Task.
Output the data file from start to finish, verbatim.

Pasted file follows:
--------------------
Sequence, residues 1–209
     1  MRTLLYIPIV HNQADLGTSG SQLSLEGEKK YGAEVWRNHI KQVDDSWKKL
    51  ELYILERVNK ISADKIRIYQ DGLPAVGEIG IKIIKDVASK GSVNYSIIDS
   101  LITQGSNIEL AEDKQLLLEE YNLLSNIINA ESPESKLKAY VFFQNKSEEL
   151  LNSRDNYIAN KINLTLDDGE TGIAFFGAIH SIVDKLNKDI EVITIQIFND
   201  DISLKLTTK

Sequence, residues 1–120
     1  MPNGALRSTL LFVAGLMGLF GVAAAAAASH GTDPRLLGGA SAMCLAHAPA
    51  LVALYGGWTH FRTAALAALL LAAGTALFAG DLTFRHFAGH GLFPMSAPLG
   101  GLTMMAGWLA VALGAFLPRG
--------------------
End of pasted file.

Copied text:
Sequence, residues 1–209
     1  MRTLLYIPIV HNQADLGTSG SQLSLEGEKK YGAEVWRNHI KQVDDSWKKL
    51  ELYILERVNK ISADKIRIYQ DGLPAVGEIG IKIIKDVASK GSVNYSIIDS
   101  LITQGSNIEL AEDKQLLLEE YNLLSNIINA ESPESKLKAY VFFQNKSEEL
   151  LNSRDNYIAN KINLTLDDGE TGIAFFGAIH SIVDKLNKDI EVITIQIFND
   201  DISLKLTTK

Sequence, residues 1–120
     1  MPNGALRSTL LFVAGLMGLF GVAAAAAASH GTDPRLLGGA SAMCLAHAPA
    51  LVALYGGWTH FRTAALAALL LAAGTALFAG DLTFRHFAGH GLFPMSAPLG
   101  GLTMMAGWLA VALGAFLPRG